The car industry is a fast mover but it can sometimes be difficult to figure out in which direction it’s heading.
EVs looked set to take over the world and to some extent they are, now helped by new UK legislation to ensure there’s enough energy to go round. In-car technology is evolving and connectivity is developing fast as the move towards autonomous cars ramps up. Meanwhile, neither petrol nor diesel is dead yet. In California, there’s been another major step forward with hydrogen propulsion as the state gears up for more potentially world-changing innovation. So what’s really in store over the next few years? Here’s our guide.
What 5G really brings
1G started in the 1990s, then 2G enabled the sending of text messages, 3G brought internet browsing and 4G made it faster – so it’s not hard to see where the world is going with 5G (fifth-generation) connectivity.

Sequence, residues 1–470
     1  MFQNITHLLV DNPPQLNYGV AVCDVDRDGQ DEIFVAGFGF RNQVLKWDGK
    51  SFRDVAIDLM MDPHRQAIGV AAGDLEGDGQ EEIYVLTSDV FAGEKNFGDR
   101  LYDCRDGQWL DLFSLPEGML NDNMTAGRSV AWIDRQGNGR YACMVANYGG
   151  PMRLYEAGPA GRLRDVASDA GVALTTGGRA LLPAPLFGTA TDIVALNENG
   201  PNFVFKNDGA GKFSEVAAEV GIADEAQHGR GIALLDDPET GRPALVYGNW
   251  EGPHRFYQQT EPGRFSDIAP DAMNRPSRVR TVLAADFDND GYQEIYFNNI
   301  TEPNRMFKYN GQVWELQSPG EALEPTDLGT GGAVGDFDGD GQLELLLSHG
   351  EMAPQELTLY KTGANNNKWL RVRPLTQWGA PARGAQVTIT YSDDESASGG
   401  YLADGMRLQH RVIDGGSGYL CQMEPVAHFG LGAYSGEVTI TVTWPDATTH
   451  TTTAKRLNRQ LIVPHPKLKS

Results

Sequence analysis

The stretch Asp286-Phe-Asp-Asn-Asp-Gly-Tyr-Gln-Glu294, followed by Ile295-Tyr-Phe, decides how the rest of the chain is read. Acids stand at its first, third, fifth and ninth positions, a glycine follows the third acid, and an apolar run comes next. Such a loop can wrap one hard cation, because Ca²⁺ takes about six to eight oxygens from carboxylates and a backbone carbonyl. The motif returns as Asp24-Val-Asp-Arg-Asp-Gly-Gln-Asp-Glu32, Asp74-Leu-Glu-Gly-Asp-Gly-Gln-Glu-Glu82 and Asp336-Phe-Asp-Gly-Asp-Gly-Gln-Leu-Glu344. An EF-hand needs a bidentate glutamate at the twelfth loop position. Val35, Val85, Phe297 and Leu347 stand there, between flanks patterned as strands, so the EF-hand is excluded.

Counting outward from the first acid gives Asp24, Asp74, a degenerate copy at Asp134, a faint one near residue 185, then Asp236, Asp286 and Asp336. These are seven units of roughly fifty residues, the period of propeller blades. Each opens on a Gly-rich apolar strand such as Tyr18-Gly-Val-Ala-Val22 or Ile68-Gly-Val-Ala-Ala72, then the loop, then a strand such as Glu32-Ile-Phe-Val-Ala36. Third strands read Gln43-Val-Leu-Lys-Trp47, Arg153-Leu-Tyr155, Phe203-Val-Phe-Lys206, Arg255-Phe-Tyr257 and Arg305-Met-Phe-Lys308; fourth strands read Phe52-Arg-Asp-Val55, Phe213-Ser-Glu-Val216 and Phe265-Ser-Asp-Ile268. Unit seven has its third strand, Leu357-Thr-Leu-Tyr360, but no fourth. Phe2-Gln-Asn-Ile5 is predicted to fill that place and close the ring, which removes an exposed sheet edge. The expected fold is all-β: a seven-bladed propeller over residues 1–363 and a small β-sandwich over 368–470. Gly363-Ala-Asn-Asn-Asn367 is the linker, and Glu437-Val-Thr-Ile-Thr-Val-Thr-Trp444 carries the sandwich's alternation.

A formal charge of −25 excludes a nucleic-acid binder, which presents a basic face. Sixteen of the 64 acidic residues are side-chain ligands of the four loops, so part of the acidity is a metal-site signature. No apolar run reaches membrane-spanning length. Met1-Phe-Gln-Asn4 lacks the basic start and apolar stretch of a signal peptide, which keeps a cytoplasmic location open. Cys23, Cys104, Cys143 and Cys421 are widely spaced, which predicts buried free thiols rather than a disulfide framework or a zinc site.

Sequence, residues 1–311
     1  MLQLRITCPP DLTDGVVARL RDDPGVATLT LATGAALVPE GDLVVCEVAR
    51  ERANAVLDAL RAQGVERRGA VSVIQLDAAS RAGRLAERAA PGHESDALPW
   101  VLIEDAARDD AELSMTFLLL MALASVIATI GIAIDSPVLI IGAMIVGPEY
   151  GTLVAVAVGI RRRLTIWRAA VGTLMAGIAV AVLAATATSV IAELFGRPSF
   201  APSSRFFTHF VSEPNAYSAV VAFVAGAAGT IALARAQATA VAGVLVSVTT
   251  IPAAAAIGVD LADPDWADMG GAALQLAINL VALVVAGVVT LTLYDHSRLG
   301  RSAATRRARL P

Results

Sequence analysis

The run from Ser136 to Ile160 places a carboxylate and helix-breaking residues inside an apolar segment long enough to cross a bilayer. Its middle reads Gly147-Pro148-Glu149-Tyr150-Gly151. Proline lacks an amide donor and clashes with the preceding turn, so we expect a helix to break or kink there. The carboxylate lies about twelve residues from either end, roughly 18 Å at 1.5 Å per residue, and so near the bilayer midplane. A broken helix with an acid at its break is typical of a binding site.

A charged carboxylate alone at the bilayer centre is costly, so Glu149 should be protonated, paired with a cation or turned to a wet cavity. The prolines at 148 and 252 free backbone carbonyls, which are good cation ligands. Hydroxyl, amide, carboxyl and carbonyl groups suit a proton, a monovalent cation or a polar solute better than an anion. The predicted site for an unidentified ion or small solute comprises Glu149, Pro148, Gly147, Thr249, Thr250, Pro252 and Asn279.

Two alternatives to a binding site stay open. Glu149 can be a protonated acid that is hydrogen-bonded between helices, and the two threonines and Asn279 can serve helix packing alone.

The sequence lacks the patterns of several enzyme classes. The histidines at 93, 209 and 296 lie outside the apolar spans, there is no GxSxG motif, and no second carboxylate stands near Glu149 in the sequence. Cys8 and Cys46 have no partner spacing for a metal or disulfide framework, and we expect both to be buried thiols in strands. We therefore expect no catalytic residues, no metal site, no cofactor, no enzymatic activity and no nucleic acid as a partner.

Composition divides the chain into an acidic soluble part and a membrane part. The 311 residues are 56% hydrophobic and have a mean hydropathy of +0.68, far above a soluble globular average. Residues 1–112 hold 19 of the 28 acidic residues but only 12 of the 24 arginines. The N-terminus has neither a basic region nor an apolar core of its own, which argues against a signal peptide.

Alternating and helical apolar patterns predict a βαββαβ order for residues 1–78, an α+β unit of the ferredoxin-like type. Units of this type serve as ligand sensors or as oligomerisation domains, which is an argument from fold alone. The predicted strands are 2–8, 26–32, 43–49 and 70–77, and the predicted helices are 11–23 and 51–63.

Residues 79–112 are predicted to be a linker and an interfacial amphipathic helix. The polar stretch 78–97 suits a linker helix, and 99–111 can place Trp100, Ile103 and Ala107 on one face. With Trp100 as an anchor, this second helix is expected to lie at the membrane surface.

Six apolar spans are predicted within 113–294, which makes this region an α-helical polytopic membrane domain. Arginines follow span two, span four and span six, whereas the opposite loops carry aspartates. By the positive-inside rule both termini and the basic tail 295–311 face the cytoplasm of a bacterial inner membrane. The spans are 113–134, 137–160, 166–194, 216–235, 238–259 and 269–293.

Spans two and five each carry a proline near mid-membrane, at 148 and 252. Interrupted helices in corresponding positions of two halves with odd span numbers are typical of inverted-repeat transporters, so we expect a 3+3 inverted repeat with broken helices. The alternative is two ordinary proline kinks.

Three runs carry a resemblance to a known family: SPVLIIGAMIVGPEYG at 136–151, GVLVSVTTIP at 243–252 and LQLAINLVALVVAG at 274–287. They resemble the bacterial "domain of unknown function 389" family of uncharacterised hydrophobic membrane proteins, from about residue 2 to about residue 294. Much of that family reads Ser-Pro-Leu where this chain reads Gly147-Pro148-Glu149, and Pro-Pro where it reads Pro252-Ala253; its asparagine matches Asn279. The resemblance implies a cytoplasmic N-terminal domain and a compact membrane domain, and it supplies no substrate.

Car makers are working hard to exploit the faster network (for example, the hardware needed for 5G has already been incorporated into Volkswagen’s new MEB EV platform). So too are suppliers such as Harman, which is developing technology allowing vehicles to share information via Smart City Command Centres linking to emergency, and other, services.
Harman is also working on technologies called Traffic Light Optimised Speed Advisory to help adjust speed to synchronise with traffic lights, and Signal Violation and Advance Signage Assistance to warn that you may be about to jump the lights or warn of temporary road works. Harman predicts entertainment systems will click up a notch too, with the possibility of video streaming for rear seat passengers and online gaming.
Research firm Gartner predicts 60 million connected cars by 2020 and 220 million in the following four years. 5G will provide the one gigabit per second (Gbs) bandwidth needed to support that with a capacity 1000 times higher than 4G. It will be faster too, at around 70Gbs compared with the average UK broadband connection of around 36Gbs.